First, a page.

Marcel Kapfer

Update on my Org-roam web viewer


453 words, ~4min reading time

100DaysToOffload emacs orgmode dev

About one and a half weeks ago I announced that I'm going to start a new (code) project for viewing my Org-roam files over the web (especially on mobile devices). Since then surprisingly much happened and so I want to give a short status update.

First of all I chose a working title for the software: brainengine. However, I'm not quite sure why. Especially the engine part since it doesn't power anything. Though the brain makes sense since some people (myself included) refer to Org-roam and similar software as their second brain. But the name may change.

Concerning the perhaps more interesting stuff: I made at lot more progress during last and this week that I expected. To be precise: as of know nearly ever core functionality works. Although I went a different route in the end.

My initial goal was to create a “classic” client-server application using Go for the backend and Alpine.js with tailwindcss for the frontend. That's why I started writing an API with Go in the first place. Parallel (and initially completely unrelated) I worked through the new Templating tutorial of Learn Go with tests by Chris James and started thinking if I maybe should use this for a start. And so I started playing around wit Go's HTML templating and as of this evening I not only have a API (that I don't use and perhaps not even need) but also an HTML representation to my Org-roam files. Both have the same feature set:

And I did neither use Alpine.js nor tailwindcss in the end but only Go and Bulma for some basic styling.

Concerning the underlying concept nothing has changed compared to the original idea. Every single function (except reading a file) uses some Linux/UNIX command line tool in the end. bash + ls (with globbing) is used for getting a list of all Org-roam file (this will be the first thing for which I want write a Go-only solution) and grep for searching through the files and the getting the title of a node as well. Sadly the code is currently still that crappy that I'm not willing to share it yet. Perhaps I will only open-source the final application since the current implementation is only a proof-of-concept (I wanted to see where this approach might fail and I have to say: nowhere! Even the load times are by far fast enough for now).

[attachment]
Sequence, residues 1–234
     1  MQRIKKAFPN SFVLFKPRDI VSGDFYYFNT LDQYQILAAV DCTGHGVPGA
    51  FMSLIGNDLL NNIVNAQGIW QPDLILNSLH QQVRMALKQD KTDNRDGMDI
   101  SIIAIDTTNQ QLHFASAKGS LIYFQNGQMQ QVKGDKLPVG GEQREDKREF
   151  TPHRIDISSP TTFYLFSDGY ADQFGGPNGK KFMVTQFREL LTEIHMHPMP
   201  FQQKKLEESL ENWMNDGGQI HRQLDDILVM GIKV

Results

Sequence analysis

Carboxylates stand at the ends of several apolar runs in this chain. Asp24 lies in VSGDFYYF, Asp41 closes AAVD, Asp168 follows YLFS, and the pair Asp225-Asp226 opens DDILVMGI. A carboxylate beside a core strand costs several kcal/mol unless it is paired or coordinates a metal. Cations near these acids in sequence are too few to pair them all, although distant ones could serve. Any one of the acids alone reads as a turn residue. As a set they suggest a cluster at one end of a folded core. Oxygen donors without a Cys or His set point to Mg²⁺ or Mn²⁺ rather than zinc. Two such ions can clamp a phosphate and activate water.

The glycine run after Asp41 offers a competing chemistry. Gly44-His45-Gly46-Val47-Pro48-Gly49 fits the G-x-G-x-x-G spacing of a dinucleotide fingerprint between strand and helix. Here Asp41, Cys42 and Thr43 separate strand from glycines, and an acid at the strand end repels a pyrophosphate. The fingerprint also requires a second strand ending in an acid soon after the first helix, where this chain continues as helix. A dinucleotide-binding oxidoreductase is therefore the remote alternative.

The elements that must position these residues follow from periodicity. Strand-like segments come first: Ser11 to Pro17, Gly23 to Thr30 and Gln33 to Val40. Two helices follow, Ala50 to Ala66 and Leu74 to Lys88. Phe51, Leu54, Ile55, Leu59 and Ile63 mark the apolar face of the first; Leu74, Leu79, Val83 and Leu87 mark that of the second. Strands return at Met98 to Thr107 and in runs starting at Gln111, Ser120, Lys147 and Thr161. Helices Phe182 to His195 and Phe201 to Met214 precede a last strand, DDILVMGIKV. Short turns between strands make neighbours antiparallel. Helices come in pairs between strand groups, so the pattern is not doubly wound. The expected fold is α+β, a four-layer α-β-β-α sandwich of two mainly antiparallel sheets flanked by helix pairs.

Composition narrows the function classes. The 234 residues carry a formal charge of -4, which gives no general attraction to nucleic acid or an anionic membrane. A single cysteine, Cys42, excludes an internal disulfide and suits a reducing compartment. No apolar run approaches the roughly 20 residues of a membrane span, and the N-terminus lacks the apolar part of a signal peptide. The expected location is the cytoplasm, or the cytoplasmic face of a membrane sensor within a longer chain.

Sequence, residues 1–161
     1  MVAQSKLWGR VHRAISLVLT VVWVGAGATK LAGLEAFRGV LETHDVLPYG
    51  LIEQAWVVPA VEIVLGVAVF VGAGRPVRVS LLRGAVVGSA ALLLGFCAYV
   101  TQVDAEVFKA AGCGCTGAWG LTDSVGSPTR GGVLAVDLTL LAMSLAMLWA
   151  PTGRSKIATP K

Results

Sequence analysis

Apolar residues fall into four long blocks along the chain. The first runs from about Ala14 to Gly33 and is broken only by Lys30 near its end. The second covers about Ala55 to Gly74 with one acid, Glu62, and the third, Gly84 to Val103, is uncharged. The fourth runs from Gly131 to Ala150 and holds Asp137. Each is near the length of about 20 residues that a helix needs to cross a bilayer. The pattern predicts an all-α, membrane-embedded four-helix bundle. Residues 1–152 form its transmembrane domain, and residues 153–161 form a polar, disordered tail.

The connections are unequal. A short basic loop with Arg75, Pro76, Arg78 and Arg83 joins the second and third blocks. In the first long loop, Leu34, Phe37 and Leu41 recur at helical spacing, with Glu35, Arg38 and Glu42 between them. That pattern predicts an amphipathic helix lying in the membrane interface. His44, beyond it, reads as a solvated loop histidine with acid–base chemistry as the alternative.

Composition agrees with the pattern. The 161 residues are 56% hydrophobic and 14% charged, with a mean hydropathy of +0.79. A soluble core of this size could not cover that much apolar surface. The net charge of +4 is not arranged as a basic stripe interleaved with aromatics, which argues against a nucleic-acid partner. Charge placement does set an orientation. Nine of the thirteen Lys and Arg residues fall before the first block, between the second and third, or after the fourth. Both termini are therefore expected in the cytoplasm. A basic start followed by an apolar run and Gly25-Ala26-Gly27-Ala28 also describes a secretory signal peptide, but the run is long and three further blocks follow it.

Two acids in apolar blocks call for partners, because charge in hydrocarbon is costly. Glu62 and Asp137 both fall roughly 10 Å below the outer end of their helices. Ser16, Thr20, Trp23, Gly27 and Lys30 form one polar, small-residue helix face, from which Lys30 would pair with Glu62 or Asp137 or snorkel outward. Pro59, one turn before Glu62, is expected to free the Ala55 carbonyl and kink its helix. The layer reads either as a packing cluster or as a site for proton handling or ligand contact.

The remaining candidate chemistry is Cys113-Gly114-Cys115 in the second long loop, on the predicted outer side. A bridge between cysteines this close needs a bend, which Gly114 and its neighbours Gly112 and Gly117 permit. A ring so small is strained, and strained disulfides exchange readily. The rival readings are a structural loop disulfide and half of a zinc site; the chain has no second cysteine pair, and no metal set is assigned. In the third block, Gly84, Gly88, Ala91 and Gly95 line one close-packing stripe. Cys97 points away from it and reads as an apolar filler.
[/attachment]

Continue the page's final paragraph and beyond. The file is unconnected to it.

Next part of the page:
Of course there are currently still some things that do not work or are not yet implemented:

Besides these four points there are certainly many other things that I need to improve. I'll write again a blog post once there are new things to tell.

Day 7 of the #100DaysToOffload challenge.

I would like to hear what you think about this post. Feel free to write me a mail!

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